Following the massive violent riots that had plagued America in the last few months, Florida Gov. Ron DeSantis proposed an “anti-mob” legislation that would permit local residents to shoot rioters and looters.

The new legislation would expand Florida’s “Stand Your Ground Law,” which would allow armed individuals to use deadly force to protect themselves from imminent danger. The legislation was inspired by the 2012 death of Trevor Martin, an African-American man who was fatally shot while staying at his father’s townhouse at The Retreat at Twin Lakes.

De Santis had drafted the new legislation following the violent and destructive George Floyd protests, which had spread across several cities in America. The Florida Governor explained that the proposed law was meant to prevent “violent and disorderly assemblies.” De Santis went on to state that local residents can use force against anyone who attempts to “interrupt” or “impair” businesses. The legislation also defined a looting incident as burglary “within 500 feet of violent and disorderly assembly.”

Moreover, it would also penalize protesters who disrupt or block traffic. According to the draft, it would charge violators with a third-degree felony. On the other hand, the state would give drivers immunity from prosecution if they unintentionally killed or injured protesters who had disrupted the traffic. The proposal would also provide additional police protection against local governments who would defund or cut off the budget for law enforcement.

However, the said legislation had received a massive backlash, especially among those who were concerned about the suspects. Former Miami-Dade County prosecutor, Denise Georges, argued that the proposed legislation will justify vigilante killings. He believed that it is unusual for a state to issue a death punishment against anyone who had committed a property crime. In fact, he noted that shooting rioters and looters are both “cruel”’ and “unusual.” Georges even concluded that the “anti-mob’ law would only incite a “lawless society.”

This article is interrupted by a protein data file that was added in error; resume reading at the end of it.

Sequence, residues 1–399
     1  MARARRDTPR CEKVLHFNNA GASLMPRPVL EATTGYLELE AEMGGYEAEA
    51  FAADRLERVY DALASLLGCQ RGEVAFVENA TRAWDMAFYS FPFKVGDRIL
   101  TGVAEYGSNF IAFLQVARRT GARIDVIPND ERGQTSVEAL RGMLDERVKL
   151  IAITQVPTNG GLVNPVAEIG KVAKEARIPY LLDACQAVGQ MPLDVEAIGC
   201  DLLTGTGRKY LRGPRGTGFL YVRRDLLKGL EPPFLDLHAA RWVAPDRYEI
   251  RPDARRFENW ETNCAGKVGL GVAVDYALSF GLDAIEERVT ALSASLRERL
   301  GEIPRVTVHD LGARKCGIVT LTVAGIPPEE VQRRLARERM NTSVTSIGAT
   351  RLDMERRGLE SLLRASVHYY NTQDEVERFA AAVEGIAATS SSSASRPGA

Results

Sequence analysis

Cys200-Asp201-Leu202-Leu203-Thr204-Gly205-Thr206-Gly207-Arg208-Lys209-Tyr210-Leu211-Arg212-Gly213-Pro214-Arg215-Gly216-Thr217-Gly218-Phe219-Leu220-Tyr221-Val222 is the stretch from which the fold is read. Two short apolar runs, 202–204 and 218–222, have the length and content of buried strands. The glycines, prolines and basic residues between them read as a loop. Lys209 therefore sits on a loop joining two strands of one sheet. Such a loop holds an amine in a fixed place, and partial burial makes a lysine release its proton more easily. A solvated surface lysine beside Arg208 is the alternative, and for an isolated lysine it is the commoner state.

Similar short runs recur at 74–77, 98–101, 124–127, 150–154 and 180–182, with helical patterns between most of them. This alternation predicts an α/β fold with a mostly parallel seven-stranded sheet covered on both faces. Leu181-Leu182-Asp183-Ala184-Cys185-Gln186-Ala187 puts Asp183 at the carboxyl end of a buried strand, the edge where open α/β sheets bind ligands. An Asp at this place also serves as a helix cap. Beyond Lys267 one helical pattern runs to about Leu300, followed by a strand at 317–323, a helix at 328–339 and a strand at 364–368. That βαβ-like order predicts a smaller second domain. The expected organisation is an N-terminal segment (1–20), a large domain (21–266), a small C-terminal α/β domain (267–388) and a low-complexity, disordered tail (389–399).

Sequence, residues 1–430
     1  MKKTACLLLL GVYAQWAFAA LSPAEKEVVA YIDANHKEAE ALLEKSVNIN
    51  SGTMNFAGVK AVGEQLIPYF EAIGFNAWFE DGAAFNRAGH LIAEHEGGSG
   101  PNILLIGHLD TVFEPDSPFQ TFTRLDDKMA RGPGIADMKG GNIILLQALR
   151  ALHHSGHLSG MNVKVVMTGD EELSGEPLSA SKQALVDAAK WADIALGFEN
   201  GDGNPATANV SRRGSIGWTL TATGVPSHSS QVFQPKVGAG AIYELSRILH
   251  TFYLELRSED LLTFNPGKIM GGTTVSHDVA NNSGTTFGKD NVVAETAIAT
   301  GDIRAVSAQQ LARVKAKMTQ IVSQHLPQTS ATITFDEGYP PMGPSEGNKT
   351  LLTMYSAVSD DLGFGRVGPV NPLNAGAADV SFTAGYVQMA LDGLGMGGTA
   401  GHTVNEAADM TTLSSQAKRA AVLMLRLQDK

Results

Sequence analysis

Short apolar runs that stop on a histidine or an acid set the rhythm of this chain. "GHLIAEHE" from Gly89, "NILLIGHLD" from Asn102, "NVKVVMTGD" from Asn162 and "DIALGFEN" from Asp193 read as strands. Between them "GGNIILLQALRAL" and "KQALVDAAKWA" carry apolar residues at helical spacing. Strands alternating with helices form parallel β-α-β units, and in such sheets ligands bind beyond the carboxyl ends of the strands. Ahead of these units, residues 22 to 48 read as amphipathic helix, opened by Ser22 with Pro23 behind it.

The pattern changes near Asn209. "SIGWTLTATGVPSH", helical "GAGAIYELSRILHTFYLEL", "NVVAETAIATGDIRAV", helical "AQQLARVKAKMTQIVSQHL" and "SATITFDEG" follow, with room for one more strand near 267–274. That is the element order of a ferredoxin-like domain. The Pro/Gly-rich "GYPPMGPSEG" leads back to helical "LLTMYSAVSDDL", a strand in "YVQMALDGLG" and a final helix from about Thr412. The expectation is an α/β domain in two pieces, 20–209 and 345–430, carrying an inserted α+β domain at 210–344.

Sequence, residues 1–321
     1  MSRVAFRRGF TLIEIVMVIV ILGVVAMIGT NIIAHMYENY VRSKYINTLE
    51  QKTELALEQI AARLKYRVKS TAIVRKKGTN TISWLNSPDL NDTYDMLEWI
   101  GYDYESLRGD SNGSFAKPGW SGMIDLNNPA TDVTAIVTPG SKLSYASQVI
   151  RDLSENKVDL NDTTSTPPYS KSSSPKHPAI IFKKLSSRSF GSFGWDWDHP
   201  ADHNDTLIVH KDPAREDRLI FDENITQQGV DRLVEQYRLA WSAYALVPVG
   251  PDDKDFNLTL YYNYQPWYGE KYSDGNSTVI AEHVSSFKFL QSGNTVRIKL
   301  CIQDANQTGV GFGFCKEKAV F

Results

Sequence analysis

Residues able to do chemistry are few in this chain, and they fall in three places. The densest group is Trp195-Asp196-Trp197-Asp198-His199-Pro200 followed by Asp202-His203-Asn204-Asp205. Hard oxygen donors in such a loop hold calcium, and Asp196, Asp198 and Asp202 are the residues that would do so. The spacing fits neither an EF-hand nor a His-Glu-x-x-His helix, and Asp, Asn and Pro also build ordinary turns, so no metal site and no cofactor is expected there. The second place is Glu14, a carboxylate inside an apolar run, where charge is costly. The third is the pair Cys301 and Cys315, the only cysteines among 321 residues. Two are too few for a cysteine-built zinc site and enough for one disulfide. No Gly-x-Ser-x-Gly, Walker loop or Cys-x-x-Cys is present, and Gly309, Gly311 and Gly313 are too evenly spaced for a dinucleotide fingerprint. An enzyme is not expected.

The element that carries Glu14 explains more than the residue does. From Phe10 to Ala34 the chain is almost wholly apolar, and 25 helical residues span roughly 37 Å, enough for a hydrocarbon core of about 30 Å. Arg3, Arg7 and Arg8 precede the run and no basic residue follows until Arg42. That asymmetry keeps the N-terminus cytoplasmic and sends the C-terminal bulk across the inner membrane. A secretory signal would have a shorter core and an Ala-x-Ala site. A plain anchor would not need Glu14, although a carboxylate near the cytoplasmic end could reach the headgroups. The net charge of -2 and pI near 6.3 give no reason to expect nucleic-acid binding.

In September, Axios reported that an estimated $1 to $2 billion were lost following the violent riots. The number is considered as the most expensive damage in U.S. insurance history. The number was higher than the $775 million sustained by the 1992 Los Angeles riots that took the country years to recover. The political protests provided an added burden to businesses as well as to the country’s national economy, especially since local businesses were just starting to recover from the losses from the recent coronavirus shutdown.

Florida was among the swing states that had voted for President Donald Trump in the recent presidential elections, which gave him a total of 29 electoral votes. Some of the President’s loyal allies in Florida had also jumped in to help resolve disputes about the election results. In fact, Florida Attorney General Ashley Moody had joined the President’s legal team to question the validity of mail-in ballots in battleground states such as Pennsylvania. In addition, other Republican state attorneys general had also sent out a brief which questions Biden’s win.